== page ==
3. The Twins got their catcher, but that development was overshadowed days later when they missed out on their shortstop and top offseason target. The front office has a sizable cash reserve but few remaining paths to spend it. They've buoyed their floor but failed to raise their ceiling in any way. Where do we go from here? Image courtesy of Bill Streicher-USA TODAY Sports Carlos Correa Signs Mega-Deal with San Francisco Giants Sadly, the biggest headline of the Minnesota Twins offseason thus far has been their heartbreak: Correa, whom the team pursued with a level of intention and aggressiveness that far surpasses any free agent target in franchise history, opted for the San Francisco Giants. Thirteen years, $350 million. Whew. In the end, despite pushing themselves to (or past) their limit, the Twins ultimately fell vastly short of the big-market Giants, who made Correa the second highest-paid free agent in MLB history. It was a level the Twins were never going to realistically reach. Although they made an adamant effort and were, by all accounts, the runner-up for Correa, they came nowhere near matching the giant offer. Now the front office must regroup and figure out what's next. High-end options have dwindled and impact trade options are limited. On the bright side, they do have the luxury of aiming basically wherever they please in terms of making upgrades, because the Twins checked off their last essential need from the shopping the list earlier in the week by signing a new catcher. Twins Sign Christian Vazquez to Three-Year Deal The front office was able to confidently address its top non-Correa priority of the offseason: signing a catcher who can not only share time with Ryan Jeffers at catcher, but take over as the lead dog if needed. On Monday we learned that the Twins agreed to terms with Vazquez on a three-year deal worth $30 million. While it barely registers in comparison to the mammoth $285 million offer to Correa, Vazquez's new contract amazingly ranks as the third-largest signed by any free agent under this front office. While certainly not to be confused with a viable "big splash of the offseason," the Vazquez signing is a bold and assertive one from the front office. He's no star, but he's a respected, reliable, experienced backstop who offers tremendous stability at a position that had little, and adds credibility to Minnesota's position player unit. That's all well and good, but a downtrodden fan base needs more than a solid catcher who fills a need. The Twins need a signature move or two to salvage this wayward offseason. Unfortunately, one of the few remaining star-caliber assets on the market was snatched up on Thursday night. Yankees Reel in Carlos Rodon on Six-Year Contract It's unclear how hard they tried, but Minnesota's hopes of acquiring a frontline starter from free agency have officially gone kaput. The last ace-caliber arm is now off the board after Rodon agreed to a six-year, $162 million contract with the Yankees. I'll be honest: I'd want no part of that deal. As great as he's been over the past couple seasons, Rodon is an extremely volatile property and the idea of entering a six-year guaranteed pact with those kinds of AAVs makes me all kinda nervous. If they're gonna spend that kind of money on a starting pitcher it shouldn't be out of leveraged desperation. Still, it would've been a major statement move, and now there aren't many such opportunities for one. In fact, on the free agent market, there's only one. Twins Turn Their Attention to Dansby Swanson. Then What? The Twins have been connected via rumors to Swanson but I always suspected it to be a negotiating ploy to gain leverage in Correa talks. My skepticism mainly stems from the fact that he seems like the type of high-risk long-term investment this front office avidly avoids. However, from talking to a few trusted people, I do get the sense the Twins are legitimate in their pursuit, contradicting a Jon Heyman report that they "appear to be regrouping after losing out on Carlos Correa, so Swanson’s likely out." I can't say I'm at all confident they'll sign the former Braves shortstop, but I do believe they're going to give a real shot. They'll face stiff competition because they're not the only club that missed out on numerous top targets and has money left to burn. Should they miss out on Swanson, it'll be interesting to see if the Twins can find a way to spend their way back to the 2022 threshold. Or if they even care to do so. Roster and Payroll Projection: v3 The specific breakdown of Vazquez's $30 million deal haven't been revealed yet, to my knowledge. But assuming it's split evenly at $10 million/year, his addition pushes the projected 2023 payroll up above 100 mil by just a hair. Unless the Twins can pull a stunner and sign Swanson, or pull a rabbit out of their hat with a big trade, it's going be a dreary and bleak holiday for baseball fans in Minnesota, who've had to sit idly by while watching everyone else open up their awesome presents. New uniforms and Christian Vazquez ain't gonna cut it. The front office needs to step up and take action unless they want a large portion of their followers to simply check out. View full article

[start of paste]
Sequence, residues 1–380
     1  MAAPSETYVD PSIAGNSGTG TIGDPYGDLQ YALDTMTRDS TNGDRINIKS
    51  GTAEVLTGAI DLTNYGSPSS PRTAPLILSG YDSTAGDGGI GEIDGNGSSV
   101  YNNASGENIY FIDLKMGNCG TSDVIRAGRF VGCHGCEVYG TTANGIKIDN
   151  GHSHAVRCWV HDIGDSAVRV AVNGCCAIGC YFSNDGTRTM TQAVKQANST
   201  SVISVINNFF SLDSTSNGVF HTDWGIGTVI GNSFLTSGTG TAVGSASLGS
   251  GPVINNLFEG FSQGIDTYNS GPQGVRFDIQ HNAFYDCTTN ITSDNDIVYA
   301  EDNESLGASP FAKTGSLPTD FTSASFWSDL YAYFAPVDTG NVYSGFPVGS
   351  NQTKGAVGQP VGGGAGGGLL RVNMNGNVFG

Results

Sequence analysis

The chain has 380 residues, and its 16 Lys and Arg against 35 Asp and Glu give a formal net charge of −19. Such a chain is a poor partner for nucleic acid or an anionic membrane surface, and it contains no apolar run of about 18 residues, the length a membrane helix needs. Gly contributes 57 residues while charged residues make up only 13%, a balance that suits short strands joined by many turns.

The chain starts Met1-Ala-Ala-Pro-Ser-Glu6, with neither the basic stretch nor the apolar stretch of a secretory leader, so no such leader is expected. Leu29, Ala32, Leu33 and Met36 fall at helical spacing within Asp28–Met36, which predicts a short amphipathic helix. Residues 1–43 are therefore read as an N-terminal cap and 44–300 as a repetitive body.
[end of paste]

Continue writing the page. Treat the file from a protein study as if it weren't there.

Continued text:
4. Carlos Correa Signs Mega-Deal with San Francisco Giants Sadly, the biggest headline of the Minnesota Twins offseason thus far has been their heartbreak: Correa, whom the team pursued with a level of intention and aggressiveness that far surpasses any free agent target in franchise history, opted for the San Francisco Giants. Thirteen years, $350 million. Whew. In the end, despite pushing themselves to (or past) their limit, the Twins ultimately fell vastly short of the big-market Giants, who made Correa the second highest-paid free agent in MLB history. It was a level the Twins were never going to realistically reach. Although they made an adamant effort and were, by all accounts, the runner-up for Correa, they came nowhere near matching the giant offer. Now the front office must regroup and figure out what's next. High-end options have dwindled and impact trade options are limited. On the bright side, they do have the luxury of aiming basically wherever they please in terms of making upgrades, because the Twins checked off their last essential need from the shopping the list earlier in the week by signing a new catcher. Twins Sign Christian Vazquez to Three-Year Deal The front office was able to confidently address its top non-Correa priority of the offseason: signing a catcher who can not only share time with Ryan Jeffers at catcher, but take over as the lead dog if needed. On Monday we learned that the Twins agreed to terms with Vazquez on a three-year deal worth $30 million. While it barely registers in comparison to the mammoth $285 million offer to Correa, Vazquez's new contract amazingly ranks as the third-largest signed by any free agent under this front office. While certainly not to be confused with a viable "big splash of the offseason," the Vazquez signing is a bold and assertive one from the front office. He's no star, but he's a respected, reliable, experienced backstop who offers tremendous stability at a position that had little, and adds credibility to Minnesota's position player unit. That's all well and good, but a downtrodden fan base needs more than a solid catcher who fills a need. The Twins need a signature move or two to salvage this wayward offseason. Unfortunately, one of the few remaining star-caliber assets on the market was snatched up on Thursday night. Yankees Reel in Carlos Rodon on Six-Year Contract It's unclear how hard they tried, but Minnesota's hopes of acquiring a frontline starter from free agency have officially gone kaput. The last ace-caliber arm is now off the board after Rodon agreed to a six-year, $162 million contract with the Yankees. I'll be honest: I'd want no part of that deal. As great as he's been over the past couple seasons, Rodon is an extremely volatile property and the idea of entering a six-year guaranteed pact with those kinds of AAVs makes me all kinda nervous. If they're gonna spend that kind of money on a starting pitcher it shouldn't be out of leveraged desperation. Still, it would've been a major statement move, and now there aren't many such opportunities for one. In fact, on the free agent market, there's only one. Twins Turn Their Attention to Dansby Swanson. Then What? The Twins have been connected via rumors to Swanson but I always suspected it to be a negotiating ploy to gain leverage in Correa talks. My skepticism mainly stems from the fact that he seems like the type of high-risk long-term investment this front office avidly avoids. However, from talking to a few trusted people, I do get the sense the Twins are legitimate in their pursuit, contradicting a Jon Heyman report that they "appear to be regrouping after losing out on Carlos Correa, so Swanson’s likely out." I can't say I'm at all confident they'll sign the former Braves shortstop, but I do believe they're going to give a real shot. They'll face stiff competition because they're not the only club that missed out on numerous top targets and has money left to burn. Should they miss out on Swanson, it'll be interesting to see if the Twins can find a way to spend their way back to the 2022 threshold. Or if they even care to do so. Roster and Payroll Projection: v3 The specific breakdown of Vazquez's $30 million deal haven't been revealed yet, to my knowledge. But assuming it's split evenly at $10 million/year, his addition pushes the projected 2023 payroll up above 100 mil by just a hair. Unless the Twins can pull a stunner and sign Swanson, or pull a rabbit out of their hat with a big trade, it's going be a dreary and bleak holiday for baseball fans in Minnesota, who've had to sit idly by while watching everyone else open up their awesome presents. New uniforms and Christian Vazquez ain't gonna cut it. The front office needs to step up and take action unless they want a large portion of their followers to simply check out.